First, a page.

Marty is senior political reporter for RH Reality Check, and Pieklo is a senior legal analyst there. Over the past year or so I’ve developed a collegial relationship with Robin. Even as we both stand our ground, it’s refreshing to discuss and debate sans animus.
Robin was kind enough to give me a copy of her book, which I have been reading with interest. Even though Robin writes from a biased perspective, which she freely acknowledges, she writes intelligently, another refreshing difference from the typical pro-abortion fare I usually read.
Crow After Roe is written from a standpoint of alarm but offers solutions. “[T]he book will shock and move you to action,” notes Feministing founder Jessica Valenti on the back cover. “Most importantly, though, Crow After Roe gives you hope and a roadmap for what we can do to change the current anti-woman tide.”
It is precisely those two points that interested me. Why are abortion proponents alarmed? And how do they envision the way out of their perceived predicament?
The book title refers to Jim Crow laws, created by southern whites after blacks were freed from slavery, which allowed oppression and segregation to continue. The authors believe pro-life laws serve the same purpose of oppressing poor and minority abortion-vulnerable mothers.
Further, Crow After Roe makes the case – with which pro-lifers will readily agree – that, of late, certain pieces of our proposed legislation have been written with the goal of triggering the overturn of Roe v. Wade. To that end the book “examines 11 states… that since 2010 have each passed a different anti-abortion or anti-women’s health law explicitly written to provoke a repeal of Roe….” (It was fascinating reading the names of many people I know on those pages.)
In her forward to the book, former Planned Parenthood CEO Gloria Feldt writes:
[T]he anti-choice right has leveled a volume and variety of attacks never before seen in this nation….
But we can stop them if we change our tactics and bring the struggle for reproductive justice out of the “women’s issues” ghetto focusing only on abortion….
We must also face the fact that privacy is not and has never been a strong enough legal justification for reproductive rights. Therefore, it is essential to bolster jurisprudence affirming women’s civil rights to make their own childbearing choices, and to pass laws such as the Freedom of Choice Act….
The latter seems like a long haul, when even a liberal state like New York just failed to pass an increasingly rare pro-abortion bill, and, as Feldt noted, Obama bailed on FOCA.
Another solution suggested by Robin and Jessica is to borrow from a surprising pro-life page:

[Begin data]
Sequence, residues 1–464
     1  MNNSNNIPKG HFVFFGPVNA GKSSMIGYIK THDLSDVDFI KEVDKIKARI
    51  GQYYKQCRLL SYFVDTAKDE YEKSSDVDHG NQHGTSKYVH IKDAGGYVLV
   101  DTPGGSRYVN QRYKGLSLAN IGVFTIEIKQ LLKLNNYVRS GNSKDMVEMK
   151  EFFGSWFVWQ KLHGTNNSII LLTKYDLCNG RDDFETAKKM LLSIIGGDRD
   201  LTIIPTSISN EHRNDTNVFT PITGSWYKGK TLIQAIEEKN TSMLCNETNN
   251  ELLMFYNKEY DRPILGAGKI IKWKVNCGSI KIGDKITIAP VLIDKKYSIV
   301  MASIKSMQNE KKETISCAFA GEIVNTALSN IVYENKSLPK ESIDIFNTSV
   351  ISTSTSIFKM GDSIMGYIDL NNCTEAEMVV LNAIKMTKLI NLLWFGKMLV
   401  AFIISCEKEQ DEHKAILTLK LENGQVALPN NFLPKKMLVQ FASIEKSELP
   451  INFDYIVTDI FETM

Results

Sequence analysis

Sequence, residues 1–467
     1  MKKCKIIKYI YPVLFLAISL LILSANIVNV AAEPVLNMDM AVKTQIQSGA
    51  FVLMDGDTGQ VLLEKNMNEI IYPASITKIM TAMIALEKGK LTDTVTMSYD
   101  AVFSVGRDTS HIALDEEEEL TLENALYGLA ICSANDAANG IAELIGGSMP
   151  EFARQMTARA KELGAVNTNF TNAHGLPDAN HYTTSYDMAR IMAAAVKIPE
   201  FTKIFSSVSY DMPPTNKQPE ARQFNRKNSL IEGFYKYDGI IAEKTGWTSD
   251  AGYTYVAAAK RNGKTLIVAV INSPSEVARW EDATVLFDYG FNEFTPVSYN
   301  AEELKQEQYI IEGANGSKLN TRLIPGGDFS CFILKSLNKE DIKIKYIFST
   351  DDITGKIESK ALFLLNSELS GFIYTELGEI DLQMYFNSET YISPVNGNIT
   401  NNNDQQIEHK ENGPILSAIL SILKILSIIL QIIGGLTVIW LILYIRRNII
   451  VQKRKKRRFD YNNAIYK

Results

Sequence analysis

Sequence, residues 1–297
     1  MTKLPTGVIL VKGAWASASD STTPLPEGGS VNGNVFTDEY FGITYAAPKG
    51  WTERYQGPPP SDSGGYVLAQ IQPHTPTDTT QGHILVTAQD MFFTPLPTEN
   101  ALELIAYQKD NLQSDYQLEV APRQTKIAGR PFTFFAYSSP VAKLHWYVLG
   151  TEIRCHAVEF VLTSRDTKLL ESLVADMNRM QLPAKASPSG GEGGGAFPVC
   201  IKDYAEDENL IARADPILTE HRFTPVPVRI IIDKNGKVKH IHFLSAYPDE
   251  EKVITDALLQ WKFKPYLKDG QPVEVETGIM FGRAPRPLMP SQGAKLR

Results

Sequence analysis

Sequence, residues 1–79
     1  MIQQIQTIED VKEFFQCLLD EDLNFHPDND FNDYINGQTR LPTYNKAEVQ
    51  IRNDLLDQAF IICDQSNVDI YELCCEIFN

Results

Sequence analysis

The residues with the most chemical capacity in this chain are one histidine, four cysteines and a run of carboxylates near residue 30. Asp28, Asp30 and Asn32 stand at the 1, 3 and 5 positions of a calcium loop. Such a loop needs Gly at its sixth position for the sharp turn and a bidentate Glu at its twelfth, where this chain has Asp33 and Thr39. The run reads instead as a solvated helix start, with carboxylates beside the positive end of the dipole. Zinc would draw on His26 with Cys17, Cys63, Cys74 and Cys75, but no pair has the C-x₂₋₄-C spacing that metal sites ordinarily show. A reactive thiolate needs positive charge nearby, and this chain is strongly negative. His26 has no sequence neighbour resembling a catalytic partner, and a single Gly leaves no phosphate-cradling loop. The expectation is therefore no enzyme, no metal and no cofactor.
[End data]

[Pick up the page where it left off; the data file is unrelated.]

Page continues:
According to… Feldt… what is needed is a strong, energetic core, not unlike a feminist version of the “personhood movement” that has been popping up in a variety of states. “Just as the personhood efforts are not coming from the mainstream anti-chice groups,” she says, “I’d love to see a band of feisty young feminists out there leading the charge on this, saying, ‘Excuse me, we are persons and we want our personhood guaranteed.'”
The problem, there, of course, is the abortion movement claimed these “feisty young feminists” weren’t persons before they were persons and killed a huge chunk of them off.
On Robin and Jessica’s “to do” list:
- Repeal the Hyde Amendment, which bans government funding of most Medicaid abortions
- Increase the number of abortion providers by ensuring all med students have abortion training and allowing nondoctors to commit abortions
- Make contraception “easily accessible and affordable,” which they think Obamacare goes a long way toward ensuring (although they’re leery of all the lawsuits)
- Toss pro-life Democrat politicians from the tent
- Elect more pro-abortion women
- Get more liberal judges appointed to the courts
Those are all proactive steps. “However,” they write, “the most immediate step is to stop anti-abortion and anti-contraception bills from becoming law in the first place.”
To that end the authors think a spark was lit in Virginia last year when abortion advocates rallied against an ultrasound bill:
[I]f there is a silver lining to the anti-contraception, anti-abortion, anti-women laws that have been passed or enforced since 2010, it is that they have created the beginnings of a powerful activist backlash.
Despite the Virginia bill’s eventual passage, “[t]he fight over the bill… took its toll,” they write, saying support for ultrasound legislation and pro-life politicians in that state dropped.
Robin and Jessica maintain that even if a bill passes, vocal opposition can weaken it, which may also serve a dual purpose of “fracturing… anti-choice community” support.
Nevertheless, the authors admit their first order of business is to stop our onslaught. (Coincidentally, the Washington Times reported today that only midway through 2013 we have already tied the second-highest number of pro-life bills passed in a year, which was only last year, and 2011 holds the record.)
In other words, they can never get to their “to do” list while playing defense. As I wrote the other day, abortion proponents now find themselves racing from brushfire to brushfire, many of which they are unable to put out. They think pro-lifers have galvanized them; I hearken back to Proverbs 24:16, i.e., it won’t last.
Is it anti-life for me to admit I smell blood in the water – and like it?
I do recommend reading Crow After Roe as good recognizance.